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Malt Liquor

By Darren M. Allen and Darren M. Allen,Sun Staff Writer | June 3, 1994
A 25-year-old Mount Airy man has been indicted, accused of buying the malt liquor that police say contributed to a crash that killed three teen-agers in Carroll County nearly a year ago.A three-count indictment returned late Wednesday by a Carroll County grand jury alleges that Milton Stanley Bowens Jr. bought a case of St. Ives malt liquor at a Mount Airy liquor store and gave it to two of eight teen-agers -- including the unlicensed driver -- who crammed...
By Sheridan Lyons and Sheridan Lyons,Staff Writer | August 20, 1992
A 28-year-old Woodmoor woman pleaded guilty yesterday in the fatal Valentine's Day stabbing of her husband, who had kept her up all night playing cards with friends and arguing loudly about various brands of malt liquor and beer.The murder charge against Cynthia Selina Anderson was reduced to manslaughter, and the prosecution will recommend a two- to seven-year sentence, said Susan H. Hazlett, a Baltimore County assistant state's attorney handling the case.Police had arrived at the couple's apartment in the 3400 block of Aurora Lane at 4:30 a.m. Feb. 14 to find 33-year-old Derek Anderson bleeding from a single stab wound in the chest.
By Cindy Harper-Evans | June 26, 1991
PowerMaster, the new malt liquor whose high-alcohol content has brought complaints from black community leaders, is making its way to Baltimore-area liquor stores this week.The malt liquor, which is packaged in a black, 12-ounce can with silver and white letters and a sketch of a blazing red horse, has come under criticism from national and local black leaders because of its higher-than-average malt-alcohol content and its intended consumers -- lower-income inner-city blacks.PowerMaster, which sells for about $18 a case, or about $5 for a six-pack, contains 5.9 percent alcohol.
By J.D. Considine and J.D. Considine,Sun Pop Music Critic | October 1, 1991
Some rap records make you dance, and some make you think. But the best ones do both.That point may seem almost too obvious to bother making, but it's an important consideration when reviewing an album like Public Enemy's new "Apocalypse 91: The Enemy Strikes Black" (Def Jam/Columbia 47374, arriving in record stores today). Because as tempting as it is to praise P.E. for its point of view, which this time focuses on everything from malt liquor sales to slavery, what the group has to say doesn't matter quite as much as how it sounds.
By Mike Klingaman, The Baltimore Sun | December 6, 2012
He lined up at fullback, but from the moment he set foot in training camp in 1961, Jerry Hill understood his role with the Colts. "I was John Unitas' bodyguard," he said. For nine years, Hill policed the Baltimore backfield, protecting Unitas from defenders who thundered in to sack No. 19 or whoever was quarterbacking the Colts. Others got the glory; Hill got the satisfaction of a job well done. Did Unitas critique his blocking? "He would if I missed one," Hill said. Which wasn't often.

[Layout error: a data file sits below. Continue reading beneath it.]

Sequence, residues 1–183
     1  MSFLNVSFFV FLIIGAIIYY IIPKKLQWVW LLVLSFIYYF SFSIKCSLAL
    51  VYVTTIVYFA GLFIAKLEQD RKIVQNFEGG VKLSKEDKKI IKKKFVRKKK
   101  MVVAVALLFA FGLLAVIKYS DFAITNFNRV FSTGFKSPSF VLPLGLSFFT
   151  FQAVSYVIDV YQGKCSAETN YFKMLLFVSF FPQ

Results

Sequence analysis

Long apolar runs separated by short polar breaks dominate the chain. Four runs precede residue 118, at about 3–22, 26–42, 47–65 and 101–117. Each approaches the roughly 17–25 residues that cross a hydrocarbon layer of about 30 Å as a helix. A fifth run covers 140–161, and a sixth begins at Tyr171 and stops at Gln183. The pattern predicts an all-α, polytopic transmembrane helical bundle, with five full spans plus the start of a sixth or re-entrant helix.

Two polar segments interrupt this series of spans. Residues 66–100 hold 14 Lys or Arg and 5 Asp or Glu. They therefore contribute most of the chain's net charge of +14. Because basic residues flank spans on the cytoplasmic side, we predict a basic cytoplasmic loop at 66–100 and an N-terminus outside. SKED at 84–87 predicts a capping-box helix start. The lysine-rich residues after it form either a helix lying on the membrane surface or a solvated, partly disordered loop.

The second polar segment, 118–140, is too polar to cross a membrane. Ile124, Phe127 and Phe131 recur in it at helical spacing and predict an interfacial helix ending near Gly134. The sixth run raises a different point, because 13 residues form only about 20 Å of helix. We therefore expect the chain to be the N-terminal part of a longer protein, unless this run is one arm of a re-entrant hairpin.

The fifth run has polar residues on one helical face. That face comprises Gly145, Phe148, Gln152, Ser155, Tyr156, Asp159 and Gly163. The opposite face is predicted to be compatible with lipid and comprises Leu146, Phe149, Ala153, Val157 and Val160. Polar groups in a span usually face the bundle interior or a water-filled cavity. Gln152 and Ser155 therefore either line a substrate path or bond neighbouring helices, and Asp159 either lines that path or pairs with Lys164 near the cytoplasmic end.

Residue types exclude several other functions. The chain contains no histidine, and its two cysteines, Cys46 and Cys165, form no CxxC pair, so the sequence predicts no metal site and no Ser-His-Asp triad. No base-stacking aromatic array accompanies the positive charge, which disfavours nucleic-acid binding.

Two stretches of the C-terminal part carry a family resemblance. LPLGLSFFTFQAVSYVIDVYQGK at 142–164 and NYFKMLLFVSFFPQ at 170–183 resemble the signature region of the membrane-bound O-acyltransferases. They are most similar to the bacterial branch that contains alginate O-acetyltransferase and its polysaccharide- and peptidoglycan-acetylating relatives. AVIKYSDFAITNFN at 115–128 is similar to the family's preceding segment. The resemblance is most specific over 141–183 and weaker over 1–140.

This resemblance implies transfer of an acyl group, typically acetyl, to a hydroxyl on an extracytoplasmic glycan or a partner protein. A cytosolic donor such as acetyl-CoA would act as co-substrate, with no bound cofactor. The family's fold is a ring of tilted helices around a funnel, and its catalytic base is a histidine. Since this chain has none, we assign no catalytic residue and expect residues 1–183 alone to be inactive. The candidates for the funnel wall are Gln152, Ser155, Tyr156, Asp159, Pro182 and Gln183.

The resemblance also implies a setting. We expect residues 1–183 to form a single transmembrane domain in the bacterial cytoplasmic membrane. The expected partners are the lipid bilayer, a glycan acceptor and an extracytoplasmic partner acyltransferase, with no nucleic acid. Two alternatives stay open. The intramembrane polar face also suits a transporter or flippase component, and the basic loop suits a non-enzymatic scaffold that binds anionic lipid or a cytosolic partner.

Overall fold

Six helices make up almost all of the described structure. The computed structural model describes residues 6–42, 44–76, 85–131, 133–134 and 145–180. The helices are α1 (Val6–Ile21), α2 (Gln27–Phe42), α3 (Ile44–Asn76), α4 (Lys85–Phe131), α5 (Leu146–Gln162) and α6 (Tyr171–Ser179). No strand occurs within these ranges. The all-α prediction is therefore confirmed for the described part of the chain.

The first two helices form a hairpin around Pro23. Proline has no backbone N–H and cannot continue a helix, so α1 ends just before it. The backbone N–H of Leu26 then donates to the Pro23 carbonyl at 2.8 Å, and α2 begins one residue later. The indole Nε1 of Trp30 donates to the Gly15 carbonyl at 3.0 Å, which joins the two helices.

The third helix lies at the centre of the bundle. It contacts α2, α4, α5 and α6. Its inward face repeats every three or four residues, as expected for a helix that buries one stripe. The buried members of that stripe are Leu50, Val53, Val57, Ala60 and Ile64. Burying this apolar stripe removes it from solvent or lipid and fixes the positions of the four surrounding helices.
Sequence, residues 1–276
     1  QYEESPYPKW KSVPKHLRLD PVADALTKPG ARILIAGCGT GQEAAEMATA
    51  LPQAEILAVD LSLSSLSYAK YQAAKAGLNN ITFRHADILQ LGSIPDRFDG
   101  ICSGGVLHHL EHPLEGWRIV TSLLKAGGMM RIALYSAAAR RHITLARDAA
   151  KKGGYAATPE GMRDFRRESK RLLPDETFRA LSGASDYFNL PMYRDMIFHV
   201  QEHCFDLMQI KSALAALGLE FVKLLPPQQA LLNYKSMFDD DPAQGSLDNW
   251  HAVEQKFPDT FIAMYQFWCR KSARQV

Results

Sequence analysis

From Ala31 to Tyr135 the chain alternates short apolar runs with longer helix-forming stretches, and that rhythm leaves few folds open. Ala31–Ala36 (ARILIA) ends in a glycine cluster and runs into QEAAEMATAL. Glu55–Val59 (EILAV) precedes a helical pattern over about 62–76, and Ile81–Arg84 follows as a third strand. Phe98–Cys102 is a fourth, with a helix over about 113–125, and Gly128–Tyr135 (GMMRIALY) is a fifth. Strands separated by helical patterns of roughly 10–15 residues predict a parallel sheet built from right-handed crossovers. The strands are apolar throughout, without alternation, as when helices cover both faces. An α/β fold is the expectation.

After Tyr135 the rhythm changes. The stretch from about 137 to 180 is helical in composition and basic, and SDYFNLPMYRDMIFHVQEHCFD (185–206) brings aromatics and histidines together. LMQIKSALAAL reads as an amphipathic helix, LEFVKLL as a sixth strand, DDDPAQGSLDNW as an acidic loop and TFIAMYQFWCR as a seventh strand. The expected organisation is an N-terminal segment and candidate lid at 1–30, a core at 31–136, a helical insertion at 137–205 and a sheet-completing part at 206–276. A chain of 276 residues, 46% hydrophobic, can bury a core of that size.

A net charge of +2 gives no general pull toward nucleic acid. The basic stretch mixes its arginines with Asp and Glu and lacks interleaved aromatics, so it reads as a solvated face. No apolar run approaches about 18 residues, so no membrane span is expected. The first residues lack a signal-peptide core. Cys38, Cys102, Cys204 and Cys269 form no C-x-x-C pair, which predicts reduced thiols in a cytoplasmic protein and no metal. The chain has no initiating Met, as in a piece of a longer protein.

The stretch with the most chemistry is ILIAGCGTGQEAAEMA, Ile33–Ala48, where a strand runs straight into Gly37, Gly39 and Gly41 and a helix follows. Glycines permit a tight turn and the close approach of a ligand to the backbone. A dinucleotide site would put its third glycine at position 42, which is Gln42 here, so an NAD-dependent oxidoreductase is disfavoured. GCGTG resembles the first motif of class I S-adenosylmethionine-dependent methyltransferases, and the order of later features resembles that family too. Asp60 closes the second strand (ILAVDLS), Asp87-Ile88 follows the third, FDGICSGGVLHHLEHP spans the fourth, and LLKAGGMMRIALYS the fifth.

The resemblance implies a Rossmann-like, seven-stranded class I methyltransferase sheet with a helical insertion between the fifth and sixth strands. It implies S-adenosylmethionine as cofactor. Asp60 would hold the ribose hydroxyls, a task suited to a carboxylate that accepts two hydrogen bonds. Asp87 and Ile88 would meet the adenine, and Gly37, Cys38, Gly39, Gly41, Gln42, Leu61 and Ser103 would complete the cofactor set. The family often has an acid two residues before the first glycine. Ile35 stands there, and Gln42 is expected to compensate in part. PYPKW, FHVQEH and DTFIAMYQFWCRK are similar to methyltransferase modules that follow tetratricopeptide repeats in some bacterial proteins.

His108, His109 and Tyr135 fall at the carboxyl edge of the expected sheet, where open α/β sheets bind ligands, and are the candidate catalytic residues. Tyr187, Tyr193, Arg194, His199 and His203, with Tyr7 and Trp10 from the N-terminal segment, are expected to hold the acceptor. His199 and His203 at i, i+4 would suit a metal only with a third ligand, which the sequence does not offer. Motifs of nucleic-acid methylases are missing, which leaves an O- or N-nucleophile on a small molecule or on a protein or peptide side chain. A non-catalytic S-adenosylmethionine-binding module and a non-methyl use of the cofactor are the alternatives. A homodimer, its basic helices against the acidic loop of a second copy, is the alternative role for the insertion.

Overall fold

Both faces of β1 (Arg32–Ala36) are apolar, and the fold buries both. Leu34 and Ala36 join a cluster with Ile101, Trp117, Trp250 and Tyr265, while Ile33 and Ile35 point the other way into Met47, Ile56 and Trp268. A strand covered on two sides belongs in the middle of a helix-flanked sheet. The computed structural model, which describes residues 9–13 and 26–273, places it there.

By Darren M. Allen and Darren M. Allen,Sun Staff Writer | December 20, 1994
Without the malt liquor Milton Stanley Bowens Jr. bought for a group of teen-agers, three of them wouldn't have died in a crash last year, a Carroll County judge said yesterday as he sentenced Bowens to six months in jail."
By Knight-Ridder News Service | May 27, 1993
WASHINGTON -- When Rodney Carr walks through his Brooklyn neighborhood this fall, he's likely to spot not only the usual malt liquor billboards, but also new advertisements encouraging him to get his blood pressure checked.Mr. Carr welcomes the new message."It would be better than seeing the tiger up there and the 800 label," said Mr. Carr, referring to symbols on a malt liquor ad. "Just to see something that is positive is much better than seeing a bottle. A lot of that [health] information is not readily available to our people."
By Mark Bomster and Mark Bomster,Staff Writer | September 12, 1992
They met last year on the set of the Oprah Winfrey show, the dapper Morgan State University educator and the angry rap artist whose lyrics echo with the sound of the street.That meeting, between rapper Ice Cube and Morgan's Dr. Spencer Holland, helped fund a project that has touched the lives of dozens of young black boys in Baltimore's inner city. In the past year, the controversial singer-actor has funneled nearly $60,000 into Project 2000, an offshoot of Dr. Holland's Center for Educating African-American Males.
By ALAN J. CRAVER and ALAN J. CRAVER,SUN STAFF | October 13, 1995
A former Howard County teacher was fined and ordered to perform community service yesterday for providing beer to six pTC Hammond Middle School seventh-graders last spring.Todd Keith Greenleaf, 28, was ordered to pay a $200 fine and complete 120 hours of community service after pleading guilty in Howard District Court to three counts of providing alcoholic beverages to a minor.Mr. Greenleaf, of the 8700 block of Tamar Drive in Columbia's Long Reach village, bought beer and malt liquor for the Hammond Middle School students and then allowed them to drink the alcohol at his apartment June 13 -- after the last day of classes at the North Laurel school.
By Darren M. Allen and Darren M. Allen,Sun Staff Writer | March 26, 1995
The Maryland Parole Commission has released the Mount Airy man who bought malt liquor for a group of teen-agers who later crashed a stolen car along Liberty Road, killing three of them.Milton Stanley Bowens Jr., 25, was paroled March 14 after serving about half his six-month sentence on a reckless endangerment conviction tied to the fatal accident June 6, 1993."He's doing just fine, just fine," Mr. Bowens' mother, Gloria Bowens, said Friday of her son.A Carroll jury in October convicted Mr. Bowens of reckless endangerment and furnishing alcohol to minors.
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